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Suppose a population follows the equation $\frac{dy}{dt} = ry[1-\frac{y}{K}]$

(let $y_i =$ initial value of $y$)

a.) $y(0) = \frac{K}{3}$ find the time $T$ at which the initial population has doubled fish the value of $T$ corresponding to $r = 0.025$

b.) if $\dfrac{y_i}{K} = a$, find the time $t$ at which $\dfrac{y(t)}{K} = b$, where $0<a, b<1$ find the value of $t$ for $r=0.025, a =0.1$ and $b =0.9$

I have began to solve the equation, but I am stuck at $\dfrac{y}{\left[1-\dfrac{y}{K}\right]}=ce^{rt}$

solving for y my equation is $y= k\dfrac{y_i e^{rt} +K}{1-y_i}$. I'm not sure that this is correct, and would like to see how the algebra would be done more gracefully. I'm not sure where to proceed from there.

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I take it $y_i = y(0)$? And, in b), what is o? –  Ron Gordon Jan 31 '13 at 19:31
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2 Answers 2

Starting with

$$\frac{y}{1-\frac{y}{K}} = c e^{r t}$$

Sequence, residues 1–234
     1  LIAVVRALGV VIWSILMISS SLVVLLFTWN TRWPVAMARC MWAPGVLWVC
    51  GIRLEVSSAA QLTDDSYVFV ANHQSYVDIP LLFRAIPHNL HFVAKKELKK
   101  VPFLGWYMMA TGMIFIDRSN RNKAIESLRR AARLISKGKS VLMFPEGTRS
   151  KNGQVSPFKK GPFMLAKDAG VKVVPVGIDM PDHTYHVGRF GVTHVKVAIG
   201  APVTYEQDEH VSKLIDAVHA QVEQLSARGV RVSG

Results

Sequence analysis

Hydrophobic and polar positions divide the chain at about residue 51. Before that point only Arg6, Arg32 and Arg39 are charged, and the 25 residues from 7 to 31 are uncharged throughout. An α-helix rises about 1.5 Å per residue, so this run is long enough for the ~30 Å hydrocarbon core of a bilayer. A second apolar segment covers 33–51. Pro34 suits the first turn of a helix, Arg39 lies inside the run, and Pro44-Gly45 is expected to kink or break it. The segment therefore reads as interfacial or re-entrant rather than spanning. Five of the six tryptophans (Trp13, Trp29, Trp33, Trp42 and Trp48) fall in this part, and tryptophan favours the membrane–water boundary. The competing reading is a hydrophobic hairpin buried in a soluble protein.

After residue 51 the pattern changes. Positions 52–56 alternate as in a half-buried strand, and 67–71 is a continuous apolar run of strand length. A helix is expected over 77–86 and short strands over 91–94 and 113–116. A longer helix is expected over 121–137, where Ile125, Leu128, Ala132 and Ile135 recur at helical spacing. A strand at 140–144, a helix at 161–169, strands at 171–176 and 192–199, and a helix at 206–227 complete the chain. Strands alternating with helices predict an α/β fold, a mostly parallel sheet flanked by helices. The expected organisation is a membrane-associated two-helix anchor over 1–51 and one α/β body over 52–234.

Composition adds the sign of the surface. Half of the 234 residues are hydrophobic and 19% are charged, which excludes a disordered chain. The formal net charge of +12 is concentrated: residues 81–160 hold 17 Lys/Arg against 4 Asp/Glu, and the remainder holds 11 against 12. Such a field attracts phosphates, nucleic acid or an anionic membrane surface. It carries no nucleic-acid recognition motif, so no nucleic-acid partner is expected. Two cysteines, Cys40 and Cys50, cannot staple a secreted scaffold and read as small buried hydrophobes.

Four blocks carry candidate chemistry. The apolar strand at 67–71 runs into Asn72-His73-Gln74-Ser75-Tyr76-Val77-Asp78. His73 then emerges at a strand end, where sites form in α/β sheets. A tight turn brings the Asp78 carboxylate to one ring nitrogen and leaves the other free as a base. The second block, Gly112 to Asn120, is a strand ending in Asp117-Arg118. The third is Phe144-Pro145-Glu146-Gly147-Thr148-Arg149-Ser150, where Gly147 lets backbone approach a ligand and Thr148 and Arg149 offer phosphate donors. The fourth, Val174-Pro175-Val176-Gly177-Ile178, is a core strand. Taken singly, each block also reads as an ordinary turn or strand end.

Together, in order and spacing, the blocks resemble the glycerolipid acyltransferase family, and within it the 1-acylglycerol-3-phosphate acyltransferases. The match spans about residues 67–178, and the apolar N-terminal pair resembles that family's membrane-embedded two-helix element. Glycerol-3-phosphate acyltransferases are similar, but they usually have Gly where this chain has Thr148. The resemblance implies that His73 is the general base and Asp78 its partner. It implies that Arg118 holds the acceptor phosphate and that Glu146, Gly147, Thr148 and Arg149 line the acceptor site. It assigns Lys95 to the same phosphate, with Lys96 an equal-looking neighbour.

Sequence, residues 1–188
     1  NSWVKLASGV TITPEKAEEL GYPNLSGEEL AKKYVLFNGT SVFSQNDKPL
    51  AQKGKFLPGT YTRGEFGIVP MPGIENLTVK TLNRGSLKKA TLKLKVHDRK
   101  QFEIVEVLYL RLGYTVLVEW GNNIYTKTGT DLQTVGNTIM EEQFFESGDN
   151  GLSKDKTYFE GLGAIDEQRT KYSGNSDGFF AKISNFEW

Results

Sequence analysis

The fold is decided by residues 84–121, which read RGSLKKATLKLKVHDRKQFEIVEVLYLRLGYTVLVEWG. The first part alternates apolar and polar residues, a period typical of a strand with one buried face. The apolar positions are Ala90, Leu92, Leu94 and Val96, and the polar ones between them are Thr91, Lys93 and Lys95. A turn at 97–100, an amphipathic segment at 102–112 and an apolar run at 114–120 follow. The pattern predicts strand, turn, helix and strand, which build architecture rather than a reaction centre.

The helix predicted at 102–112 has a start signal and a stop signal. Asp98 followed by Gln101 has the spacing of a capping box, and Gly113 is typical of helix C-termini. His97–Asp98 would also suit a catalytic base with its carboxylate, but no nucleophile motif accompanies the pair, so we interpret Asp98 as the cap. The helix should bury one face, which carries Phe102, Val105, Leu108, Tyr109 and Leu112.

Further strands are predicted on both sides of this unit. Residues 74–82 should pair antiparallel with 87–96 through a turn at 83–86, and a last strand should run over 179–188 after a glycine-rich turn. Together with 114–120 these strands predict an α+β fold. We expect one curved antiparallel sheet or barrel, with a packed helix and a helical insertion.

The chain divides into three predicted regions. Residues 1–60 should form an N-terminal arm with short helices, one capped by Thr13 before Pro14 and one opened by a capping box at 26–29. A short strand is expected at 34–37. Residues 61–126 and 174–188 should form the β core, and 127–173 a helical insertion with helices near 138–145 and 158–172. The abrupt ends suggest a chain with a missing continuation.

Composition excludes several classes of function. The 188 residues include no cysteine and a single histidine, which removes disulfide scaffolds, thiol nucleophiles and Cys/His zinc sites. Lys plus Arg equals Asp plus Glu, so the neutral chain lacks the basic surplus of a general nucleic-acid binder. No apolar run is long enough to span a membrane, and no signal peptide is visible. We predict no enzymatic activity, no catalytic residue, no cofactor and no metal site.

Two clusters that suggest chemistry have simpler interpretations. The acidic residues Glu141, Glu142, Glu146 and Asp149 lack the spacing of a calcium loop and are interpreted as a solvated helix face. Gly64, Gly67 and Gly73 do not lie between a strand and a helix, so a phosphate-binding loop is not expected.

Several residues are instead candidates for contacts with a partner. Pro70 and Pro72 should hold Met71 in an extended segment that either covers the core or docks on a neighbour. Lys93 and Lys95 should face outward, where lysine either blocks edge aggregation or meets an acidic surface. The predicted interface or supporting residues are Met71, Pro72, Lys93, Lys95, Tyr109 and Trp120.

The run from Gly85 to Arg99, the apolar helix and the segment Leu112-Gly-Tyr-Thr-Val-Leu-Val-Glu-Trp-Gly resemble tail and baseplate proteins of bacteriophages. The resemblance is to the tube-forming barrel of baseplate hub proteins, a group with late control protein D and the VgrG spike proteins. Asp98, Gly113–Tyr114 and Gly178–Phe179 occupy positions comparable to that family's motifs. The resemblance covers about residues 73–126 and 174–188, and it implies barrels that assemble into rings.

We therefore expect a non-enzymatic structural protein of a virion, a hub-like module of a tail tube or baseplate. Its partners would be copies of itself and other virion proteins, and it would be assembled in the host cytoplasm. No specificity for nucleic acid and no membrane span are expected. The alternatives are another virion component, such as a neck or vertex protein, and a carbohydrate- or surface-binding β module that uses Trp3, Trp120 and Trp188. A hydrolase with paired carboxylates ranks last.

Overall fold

Multiply both sides by $1-\frac{y}{K}$:

$$y = c e^{r t} \left (1-\frac{y}{K} \right ) = c e^{r t} - c e^{r t}\frac{y}{K}$$

Add $c e^{r t}\frac{y}{K}$ to both sides and factor out the $y$:

$$y \left ( 1 + \frac{c}{K} e^{r t} \right ) = c e^{r t} $$

(It should be noted that the above is a multiplication and not an evaluation of $y$ at the time in parentheses.) And you get an expression for $y(t)$:

$$y(t) = \frac{c e^{r t}}{1 + \frac{c}{K} e^{r t}} $$

EDIT

It appears you want this expression in terms of $y_i = y(0)$. To do this, notice from the top equation that

$$c = \frac{y_i}{1-\frac{y_i}{K}}$$

Putting this into the previous equation, we get

$$\begin{align}\frac{c e^{r t}}{1 + \frac{c}{K} e^{r t}} &= \frac{\frac{y_i}{1-\frac{y_i}{K}} e^{r t}}{1 + \frac{1}{K}\frac{y_i}{1-\frac{y_i}{K}} e^{r t}} \\ &= \frac{K \frac{y_i}{K-y_i} e^{r t}}{1+ \frac{y_i}{K-y_i} e^{r t}} \\ &= \frac{K y_i e^{r t}}{K + y_i (e^{r t} - 1)} \\ \end{align} $$

I do not think this agrees with your solution. Check the algebra here and make sure you understand it.

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Hint: take logarithm of both sides of $y/(1-y/K) = c e^{rt}$

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